February 27, 2017

The Gospel Pitch: Full Disclosure or Recruitment Tactics?

by Clint Archer

I’m a sucker for a good sales pitch. I’ve plunged into various predicaments because I couldn’t say no. This weakness almost derailed my career path the day the US military recruiters showed up at my seminary.dress whites

They wanted military chaplains. Being a chaplain was so far away from my calling that I expected to be impervious to their pitch. But their chapel speaker, a major in the Navy in a Top Gun-esque white uniform and impressive physique, preached up a storm. He regaled us with how he got to start Bible studies on submarines off the coast of Iraq, how he would disciple pilots while jogging with them on the aircraft carrier, and how he counseled combat troops in exotic locations.

After chapel, a gaggle of awestruck students fluttered to the recruiters like moths to the flame. The recruiters in their smart uniforms all smelled so good and beamed friendly smiles. They talked of seeing the world and being all you can be. They had pictures of happy soldiers with gleaming guns repelling from helicopters like my childhood GI Joe fantasies.

I…was…mesmerized.

Thankfully, I had a natural immunity to their wiles: I wasn’t a US citizen. But a classmate of mine succumbed to the allure and soon discovered a whole other side to the military. Before the ink on the dotted line is dry the friendly faces of the enchanting recruiters disappear and you never see them again. They shave your head, take your clothes, and start yelling and cursing at you.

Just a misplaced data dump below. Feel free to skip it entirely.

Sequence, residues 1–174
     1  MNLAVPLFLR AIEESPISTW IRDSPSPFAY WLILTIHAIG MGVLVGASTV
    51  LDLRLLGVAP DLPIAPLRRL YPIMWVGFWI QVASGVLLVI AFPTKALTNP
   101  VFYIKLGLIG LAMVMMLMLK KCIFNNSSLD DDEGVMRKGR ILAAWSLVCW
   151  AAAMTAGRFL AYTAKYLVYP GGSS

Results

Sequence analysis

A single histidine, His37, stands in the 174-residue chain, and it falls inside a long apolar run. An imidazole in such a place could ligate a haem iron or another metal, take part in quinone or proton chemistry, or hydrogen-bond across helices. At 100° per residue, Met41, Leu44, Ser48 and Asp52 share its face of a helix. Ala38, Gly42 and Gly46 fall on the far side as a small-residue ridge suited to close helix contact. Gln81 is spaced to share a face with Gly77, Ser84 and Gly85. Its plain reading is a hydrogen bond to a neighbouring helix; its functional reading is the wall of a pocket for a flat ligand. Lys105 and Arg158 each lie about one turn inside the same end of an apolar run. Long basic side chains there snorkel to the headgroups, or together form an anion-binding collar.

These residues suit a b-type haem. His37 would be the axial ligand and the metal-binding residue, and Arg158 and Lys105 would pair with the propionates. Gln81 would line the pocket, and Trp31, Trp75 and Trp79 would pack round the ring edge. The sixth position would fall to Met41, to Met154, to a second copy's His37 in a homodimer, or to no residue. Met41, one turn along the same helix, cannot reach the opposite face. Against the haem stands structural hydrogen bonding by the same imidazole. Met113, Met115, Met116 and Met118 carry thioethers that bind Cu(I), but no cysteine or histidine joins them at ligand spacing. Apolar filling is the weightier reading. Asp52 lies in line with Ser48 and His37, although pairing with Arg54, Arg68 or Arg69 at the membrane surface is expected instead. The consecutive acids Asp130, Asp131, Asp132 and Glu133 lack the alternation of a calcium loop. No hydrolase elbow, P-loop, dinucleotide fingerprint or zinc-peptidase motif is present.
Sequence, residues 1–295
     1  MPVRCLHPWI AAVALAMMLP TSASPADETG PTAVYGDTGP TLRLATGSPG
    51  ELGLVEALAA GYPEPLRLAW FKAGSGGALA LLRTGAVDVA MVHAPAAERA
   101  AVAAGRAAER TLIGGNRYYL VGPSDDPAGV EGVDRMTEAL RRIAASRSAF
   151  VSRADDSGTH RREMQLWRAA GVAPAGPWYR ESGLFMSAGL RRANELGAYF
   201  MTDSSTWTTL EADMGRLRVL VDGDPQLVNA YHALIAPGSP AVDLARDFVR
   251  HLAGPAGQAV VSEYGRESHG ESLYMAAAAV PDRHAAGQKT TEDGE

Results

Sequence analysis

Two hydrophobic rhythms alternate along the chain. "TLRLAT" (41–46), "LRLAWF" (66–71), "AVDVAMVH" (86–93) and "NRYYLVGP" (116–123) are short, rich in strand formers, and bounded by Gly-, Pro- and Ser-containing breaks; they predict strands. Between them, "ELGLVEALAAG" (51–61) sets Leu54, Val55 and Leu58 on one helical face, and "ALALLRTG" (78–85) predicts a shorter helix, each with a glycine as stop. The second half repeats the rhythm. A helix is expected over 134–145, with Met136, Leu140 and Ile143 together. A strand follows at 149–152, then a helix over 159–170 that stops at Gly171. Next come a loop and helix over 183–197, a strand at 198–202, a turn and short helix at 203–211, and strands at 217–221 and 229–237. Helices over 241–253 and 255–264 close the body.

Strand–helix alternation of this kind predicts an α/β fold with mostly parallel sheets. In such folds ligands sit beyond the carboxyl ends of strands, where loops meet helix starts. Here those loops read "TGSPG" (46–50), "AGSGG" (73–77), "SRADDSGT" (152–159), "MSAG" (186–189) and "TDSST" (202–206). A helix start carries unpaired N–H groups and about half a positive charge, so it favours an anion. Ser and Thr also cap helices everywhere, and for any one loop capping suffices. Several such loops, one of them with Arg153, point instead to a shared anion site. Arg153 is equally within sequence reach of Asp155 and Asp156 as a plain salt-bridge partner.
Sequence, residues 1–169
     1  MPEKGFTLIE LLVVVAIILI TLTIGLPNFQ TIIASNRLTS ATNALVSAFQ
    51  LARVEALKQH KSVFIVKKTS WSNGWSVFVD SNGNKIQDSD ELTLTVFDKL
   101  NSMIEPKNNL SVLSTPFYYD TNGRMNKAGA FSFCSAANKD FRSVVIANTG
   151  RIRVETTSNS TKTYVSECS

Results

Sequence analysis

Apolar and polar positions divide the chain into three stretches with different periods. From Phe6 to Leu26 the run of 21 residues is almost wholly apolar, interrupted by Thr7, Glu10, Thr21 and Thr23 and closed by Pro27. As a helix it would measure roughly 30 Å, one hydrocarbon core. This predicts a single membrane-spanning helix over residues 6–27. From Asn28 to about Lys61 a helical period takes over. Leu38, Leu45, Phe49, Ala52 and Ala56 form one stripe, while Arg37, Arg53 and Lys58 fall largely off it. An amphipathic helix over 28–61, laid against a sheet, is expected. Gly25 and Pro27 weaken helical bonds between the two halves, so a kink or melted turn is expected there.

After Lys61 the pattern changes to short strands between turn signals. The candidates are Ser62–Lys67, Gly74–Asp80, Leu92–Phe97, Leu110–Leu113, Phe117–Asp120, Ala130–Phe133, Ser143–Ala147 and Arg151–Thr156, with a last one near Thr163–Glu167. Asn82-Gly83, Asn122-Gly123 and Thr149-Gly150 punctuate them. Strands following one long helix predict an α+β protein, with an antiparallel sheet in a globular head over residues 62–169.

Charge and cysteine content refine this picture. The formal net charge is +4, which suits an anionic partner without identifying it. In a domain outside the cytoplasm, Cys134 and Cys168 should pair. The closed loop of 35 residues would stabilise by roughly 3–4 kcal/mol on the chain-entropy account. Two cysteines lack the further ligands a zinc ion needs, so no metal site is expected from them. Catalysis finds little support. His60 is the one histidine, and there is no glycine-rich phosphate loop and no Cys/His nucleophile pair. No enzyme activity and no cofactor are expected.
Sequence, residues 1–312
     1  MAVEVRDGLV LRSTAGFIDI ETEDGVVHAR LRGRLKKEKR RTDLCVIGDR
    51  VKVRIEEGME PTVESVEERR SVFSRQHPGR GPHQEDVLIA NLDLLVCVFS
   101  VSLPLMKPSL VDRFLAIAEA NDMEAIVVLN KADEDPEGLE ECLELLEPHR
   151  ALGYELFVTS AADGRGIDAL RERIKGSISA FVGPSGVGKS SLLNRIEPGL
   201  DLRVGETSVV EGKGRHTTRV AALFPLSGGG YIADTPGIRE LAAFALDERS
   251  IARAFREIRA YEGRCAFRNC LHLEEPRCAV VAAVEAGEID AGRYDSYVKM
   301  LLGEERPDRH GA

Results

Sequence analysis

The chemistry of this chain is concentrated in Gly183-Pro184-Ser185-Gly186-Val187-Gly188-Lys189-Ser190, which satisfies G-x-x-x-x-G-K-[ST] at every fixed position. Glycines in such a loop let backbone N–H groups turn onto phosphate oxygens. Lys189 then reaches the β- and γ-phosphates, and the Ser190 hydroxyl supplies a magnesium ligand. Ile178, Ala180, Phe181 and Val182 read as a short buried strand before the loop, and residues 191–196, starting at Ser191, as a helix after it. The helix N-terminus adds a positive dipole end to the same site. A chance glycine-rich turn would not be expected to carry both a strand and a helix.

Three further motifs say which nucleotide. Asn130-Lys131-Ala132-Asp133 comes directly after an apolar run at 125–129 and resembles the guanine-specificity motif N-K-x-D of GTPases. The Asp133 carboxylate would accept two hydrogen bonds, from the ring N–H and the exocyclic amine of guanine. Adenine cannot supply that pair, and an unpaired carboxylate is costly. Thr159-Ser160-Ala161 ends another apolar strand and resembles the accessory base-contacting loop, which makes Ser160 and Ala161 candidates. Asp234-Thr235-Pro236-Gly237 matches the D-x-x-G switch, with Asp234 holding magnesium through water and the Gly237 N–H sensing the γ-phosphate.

I found out though that the Navy SEALs recruit in the exact opposite way. They say how difficult the training is, how dangerous the missions are, how many drop out, and how impossible it is to be chosen. They speak of pain and sacrifice and commitment. And paradoxically that brutal truth attracts better candidates than the honey trap method. Only the most committed and determined warriors sign up for the SEAL teams, knowing full well what lies ahead.

Some evangelists share the gospel in a way that makes Christianity sound like a vacation from trouble, a Disneyland tour of delightful experiences. And others present the brutal truth that following Jesus brings sacrifice, persecution, and lifelong warfare against sin and Satan.

Which method of evangelism do you think produces truly committed disciples?

Here are three truths every prospective disciple should know before committing to Christ…

 

  1. True Disciples Must Be Willing to Die for their Faith

Luke 9:23 And he said to all, “If anyone would come after me, let him deny himself and take up his cross daily and follow me.”

One of the most popular gospel presentations of our time is “The Four Spiritual Laws.” The very first law is this: “God loves you and has a wonderful plan for your life.” But the conditions of discipleship in verse 23 are to give up your desires, be willing to die, and obey Christ. The descriptor, “wonderful,” could be seen as quite misleading.